Make Vichysoisse, that gorgeous chilled leek and potato soup invented by Louis Diat in the 1920’s when he was chef at the Ritz-Carlton. There are many versions of this, often too heavy on the cream but I am very pleased with this version made with slightly more leek to Cornish earlies with very good jellied chicken stock and half as much milk with just a couple of tablespoons of slightly lemony crème fraiche. It looks very pretty with its garnish of finely snipped chives to sharpen up the flavours. I long for the first new season peas to arrive, looking forward to popping them out of their shells as I sip a glass of chilled white wine in the garden. No such luck yet, so it’s reliance again on frozen petits pois; something I am rarely without. I have roast tomato halves in a plastic box in the fridge and chicken thigh fillets awaiting their destiny. The result is a colourful, easy-cook stewy sort of dish finished with basil. My not very original name for it is Chicken with Roast Tomatoes and Peas. It was a huge hit, delicious with more of those (now widely available) Cornish new potatoes.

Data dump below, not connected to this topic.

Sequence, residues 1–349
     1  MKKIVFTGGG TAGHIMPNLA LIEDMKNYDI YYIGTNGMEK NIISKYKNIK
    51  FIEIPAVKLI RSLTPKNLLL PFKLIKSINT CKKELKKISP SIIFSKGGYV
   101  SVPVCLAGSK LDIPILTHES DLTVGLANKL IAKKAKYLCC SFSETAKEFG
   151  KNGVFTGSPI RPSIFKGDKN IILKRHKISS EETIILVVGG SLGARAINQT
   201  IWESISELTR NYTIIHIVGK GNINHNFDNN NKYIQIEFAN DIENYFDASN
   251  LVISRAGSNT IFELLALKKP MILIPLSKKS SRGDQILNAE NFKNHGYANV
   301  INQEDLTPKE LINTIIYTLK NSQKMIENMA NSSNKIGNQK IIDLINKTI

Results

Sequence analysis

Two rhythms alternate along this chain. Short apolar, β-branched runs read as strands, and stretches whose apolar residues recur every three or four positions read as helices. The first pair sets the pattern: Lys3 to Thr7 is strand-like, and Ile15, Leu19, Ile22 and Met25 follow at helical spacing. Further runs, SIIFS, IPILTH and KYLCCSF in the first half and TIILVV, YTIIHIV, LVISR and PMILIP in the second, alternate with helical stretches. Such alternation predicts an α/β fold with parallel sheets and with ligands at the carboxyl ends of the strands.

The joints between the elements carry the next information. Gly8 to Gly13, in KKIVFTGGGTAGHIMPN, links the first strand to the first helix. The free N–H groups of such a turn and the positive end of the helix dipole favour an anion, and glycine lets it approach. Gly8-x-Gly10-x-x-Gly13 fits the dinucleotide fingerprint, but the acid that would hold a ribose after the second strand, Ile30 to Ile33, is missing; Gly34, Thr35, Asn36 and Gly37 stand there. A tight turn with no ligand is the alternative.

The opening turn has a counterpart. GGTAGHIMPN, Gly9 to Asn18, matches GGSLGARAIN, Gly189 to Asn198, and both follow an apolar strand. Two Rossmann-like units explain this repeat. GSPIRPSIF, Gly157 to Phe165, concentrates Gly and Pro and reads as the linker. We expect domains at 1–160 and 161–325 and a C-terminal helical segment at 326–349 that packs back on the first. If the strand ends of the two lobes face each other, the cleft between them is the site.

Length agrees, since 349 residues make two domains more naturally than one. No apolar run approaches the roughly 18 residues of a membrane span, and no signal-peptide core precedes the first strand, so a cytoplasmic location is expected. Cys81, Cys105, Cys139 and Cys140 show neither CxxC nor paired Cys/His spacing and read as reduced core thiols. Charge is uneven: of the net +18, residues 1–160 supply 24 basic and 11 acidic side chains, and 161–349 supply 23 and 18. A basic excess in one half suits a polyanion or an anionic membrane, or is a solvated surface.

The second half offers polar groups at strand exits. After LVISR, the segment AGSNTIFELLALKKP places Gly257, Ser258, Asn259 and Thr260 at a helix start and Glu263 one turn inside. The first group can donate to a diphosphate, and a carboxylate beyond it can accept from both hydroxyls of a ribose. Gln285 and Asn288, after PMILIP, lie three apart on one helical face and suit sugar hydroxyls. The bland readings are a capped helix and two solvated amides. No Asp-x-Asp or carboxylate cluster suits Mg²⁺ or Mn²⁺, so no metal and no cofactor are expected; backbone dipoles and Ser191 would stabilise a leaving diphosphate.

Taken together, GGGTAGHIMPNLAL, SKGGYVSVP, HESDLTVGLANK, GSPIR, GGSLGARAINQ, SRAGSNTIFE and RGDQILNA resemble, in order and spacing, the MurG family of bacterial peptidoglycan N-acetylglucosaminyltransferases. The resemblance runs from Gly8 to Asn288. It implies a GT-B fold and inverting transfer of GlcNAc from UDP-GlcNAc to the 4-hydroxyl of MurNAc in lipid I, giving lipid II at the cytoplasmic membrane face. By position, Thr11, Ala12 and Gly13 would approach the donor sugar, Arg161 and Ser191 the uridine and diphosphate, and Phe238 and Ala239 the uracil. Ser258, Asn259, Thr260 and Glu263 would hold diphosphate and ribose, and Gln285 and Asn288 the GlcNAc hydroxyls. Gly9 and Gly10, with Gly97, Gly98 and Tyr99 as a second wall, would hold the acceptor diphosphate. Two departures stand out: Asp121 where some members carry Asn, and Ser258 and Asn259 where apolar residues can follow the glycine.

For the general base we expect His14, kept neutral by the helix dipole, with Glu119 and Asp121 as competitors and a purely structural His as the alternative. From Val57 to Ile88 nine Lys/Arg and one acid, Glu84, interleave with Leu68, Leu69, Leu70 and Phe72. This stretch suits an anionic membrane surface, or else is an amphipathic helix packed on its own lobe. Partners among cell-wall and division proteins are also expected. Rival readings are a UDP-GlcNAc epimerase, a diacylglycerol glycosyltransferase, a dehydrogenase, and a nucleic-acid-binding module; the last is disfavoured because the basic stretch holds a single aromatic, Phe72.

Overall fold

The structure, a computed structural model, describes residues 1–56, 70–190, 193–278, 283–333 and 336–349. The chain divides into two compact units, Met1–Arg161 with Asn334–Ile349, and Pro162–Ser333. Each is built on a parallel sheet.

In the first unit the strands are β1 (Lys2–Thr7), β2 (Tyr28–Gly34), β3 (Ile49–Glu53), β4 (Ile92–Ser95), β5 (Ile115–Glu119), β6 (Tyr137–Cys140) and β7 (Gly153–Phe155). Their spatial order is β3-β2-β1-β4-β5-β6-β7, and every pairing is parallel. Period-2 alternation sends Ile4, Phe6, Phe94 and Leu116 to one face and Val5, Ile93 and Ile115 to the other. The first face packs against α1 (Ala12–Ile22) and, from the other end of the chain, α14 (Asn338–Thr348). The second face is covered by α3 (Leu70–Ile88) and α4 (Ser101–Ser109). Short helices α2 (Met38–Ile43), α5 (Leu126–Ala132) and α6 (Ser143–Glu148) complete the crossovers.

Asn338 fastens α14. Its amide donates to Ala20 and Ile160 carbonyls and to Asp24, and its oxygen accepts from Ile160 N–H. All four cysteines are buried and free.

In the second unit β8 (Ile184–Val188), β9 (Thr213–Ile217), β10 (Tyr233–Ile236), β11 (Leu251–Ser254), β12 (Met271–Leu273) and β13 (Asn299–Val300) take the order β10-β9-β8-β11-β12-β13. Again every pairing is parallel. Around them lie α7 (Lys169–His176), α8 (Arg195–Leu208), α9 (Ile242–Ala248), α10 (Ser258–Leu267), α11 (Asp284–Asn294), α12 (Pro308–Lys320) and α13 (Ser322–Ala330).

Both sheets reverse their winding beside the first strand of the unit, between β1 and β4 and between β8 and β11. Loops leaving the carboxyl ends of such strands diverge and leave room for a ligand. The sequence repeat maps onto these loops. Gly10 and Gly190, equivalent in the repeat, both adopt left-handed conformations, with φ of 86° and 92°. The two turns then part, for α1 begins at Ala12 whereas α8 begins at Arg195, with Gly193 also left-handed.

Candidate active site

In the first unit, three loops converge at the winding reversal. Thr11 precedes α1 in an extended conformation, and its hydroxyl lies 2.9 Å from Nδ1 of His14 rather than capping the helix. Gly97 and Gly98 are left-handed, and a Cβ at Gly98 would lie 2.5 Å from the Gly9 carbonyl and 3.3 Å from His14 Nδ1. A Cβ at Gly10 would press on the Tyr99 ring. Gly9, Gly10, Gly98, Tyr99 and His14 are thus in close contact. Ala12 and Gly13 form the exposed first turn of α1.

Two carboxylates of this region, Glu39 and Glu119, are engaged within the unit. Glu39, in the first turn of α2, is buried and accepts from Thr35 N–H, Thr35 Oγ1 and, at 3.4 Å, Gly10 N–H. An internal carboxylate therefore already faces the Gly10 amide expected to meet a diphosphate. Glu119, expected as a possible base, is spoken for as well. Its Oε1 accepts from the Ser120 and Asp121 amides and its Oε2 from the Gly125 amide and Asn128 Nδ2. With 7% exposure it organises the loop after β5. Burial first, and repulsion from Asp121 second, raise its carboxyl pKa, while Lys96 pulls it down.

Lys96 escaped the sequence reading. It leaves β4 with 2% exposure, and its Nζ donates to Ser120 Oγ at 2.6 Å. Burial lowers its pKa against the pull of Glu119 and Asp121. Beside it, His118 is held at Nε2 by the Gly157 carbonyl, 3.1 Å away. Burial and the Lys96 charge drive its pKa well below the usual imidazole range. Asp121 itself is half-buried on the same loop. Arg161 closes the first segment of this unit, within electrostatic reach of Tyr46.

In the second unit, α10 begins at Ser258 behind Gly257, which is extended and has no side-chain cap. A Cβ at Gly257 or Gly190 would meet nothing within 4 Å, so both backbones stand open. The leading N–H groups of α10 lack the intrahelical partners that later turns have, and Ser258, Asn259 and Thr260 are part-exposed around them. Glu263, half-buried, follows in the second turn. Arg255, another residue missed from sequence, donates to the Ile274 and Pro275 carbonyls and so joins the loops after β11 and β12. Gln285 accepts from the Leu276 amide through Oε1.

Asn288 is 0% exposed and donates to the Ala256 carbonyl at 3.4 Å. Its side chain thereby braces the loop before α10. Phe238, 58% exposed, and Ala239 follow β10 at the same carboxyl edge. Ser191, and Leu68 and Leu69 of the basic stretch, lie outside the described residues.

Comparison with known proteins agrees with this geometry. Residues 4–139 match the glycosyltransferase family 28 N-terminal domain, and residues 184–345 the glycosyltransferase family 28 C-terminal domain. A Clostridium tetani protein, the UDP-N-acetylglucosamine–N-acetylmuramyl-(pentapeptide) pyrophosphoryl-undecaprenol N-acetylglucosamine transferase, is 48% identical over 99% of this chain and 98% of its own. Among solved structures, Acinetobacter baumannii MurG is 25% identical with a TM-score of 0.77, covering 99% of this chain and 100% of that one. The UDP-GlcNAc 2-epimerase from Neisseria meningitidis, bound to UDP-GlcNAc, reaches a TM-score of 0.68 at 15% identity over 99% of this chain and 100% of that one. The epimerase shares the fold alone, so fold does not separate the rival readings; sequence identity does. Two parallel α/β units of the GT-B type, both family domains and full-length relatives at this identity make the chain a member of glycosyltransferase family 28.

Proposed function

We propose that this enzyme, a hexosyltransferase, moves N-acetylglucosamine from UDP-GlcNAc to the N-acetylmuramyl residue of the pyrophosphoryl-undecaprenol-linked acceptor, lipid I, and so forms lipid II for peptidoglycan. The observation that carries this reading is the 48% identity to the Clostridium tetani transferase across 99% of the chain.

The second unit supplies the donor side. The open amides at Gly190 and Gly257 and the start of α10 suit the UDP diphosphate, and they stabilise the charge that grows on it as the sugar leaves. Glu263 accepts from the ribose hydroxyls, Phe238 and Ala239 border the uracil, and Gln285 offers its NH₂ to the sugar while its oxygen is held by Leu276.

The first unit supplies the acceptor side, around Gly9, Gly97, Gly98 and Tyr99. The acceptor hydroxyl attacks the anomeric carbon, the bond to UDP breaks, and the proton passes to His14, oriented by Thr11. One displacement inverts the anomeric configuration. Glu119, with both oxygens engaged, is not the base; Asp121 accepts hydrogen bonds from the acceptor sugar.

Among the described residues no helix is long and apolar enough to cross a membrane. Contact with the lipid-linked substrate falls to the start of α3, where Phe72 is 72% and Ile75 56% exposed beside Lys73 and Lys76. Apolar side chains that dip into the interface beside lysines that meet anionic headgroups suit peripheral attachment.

As we emerged from the last lock down, there was feverish building work going on in Chiswick House on the patch of land where wedding and party marquees go up and down all through the year. What emerged, is a very smart, very large white semi-permanent lux-marquee that has been launched as The Garden Pavilion. It’s run by Food Show Events, who have apparently also taken over at the adjacent Café with its pop up bar. New seating, new parasols and a new smartness attends the Café these days and tonight we are having dinner at the newly opened (Thurs-Sun, with afternoon tea menu Fri, Sat and Sun) Garden Pavilion. We sit outside and it’s barmy enough to be very pleasant indeed. We took Red which proved a mistake, as an nearby table had a little lap dog with small dog issues (ie barked a lot). Anyway, Red eventually settled and our meal of foie gras and Gressingham duck terrine with strange but delicious bread rolls, followed by new season duo of lamb. The lamb was a tiny piece of deliciously tender, pink cannon over shredded very well-cooked pressed belly, with potato galette (sort of Dauphinoise), peas and baby courgette that had been balled with a melon baller, one side cut and dipped in something bright yellow so the balls played a trick on eye and tongue, quite unrecognisably courgette with the texture of water chestnuts. Intriguing. The staff are attentive and friendly and there is a big outside terrace; inside could house a huge party. £48.50 for 3 courses seemed reasonable for the surprisingly well-executed food produced from a little kitchen at the rear and probably relying on a certain amount of sous-vide.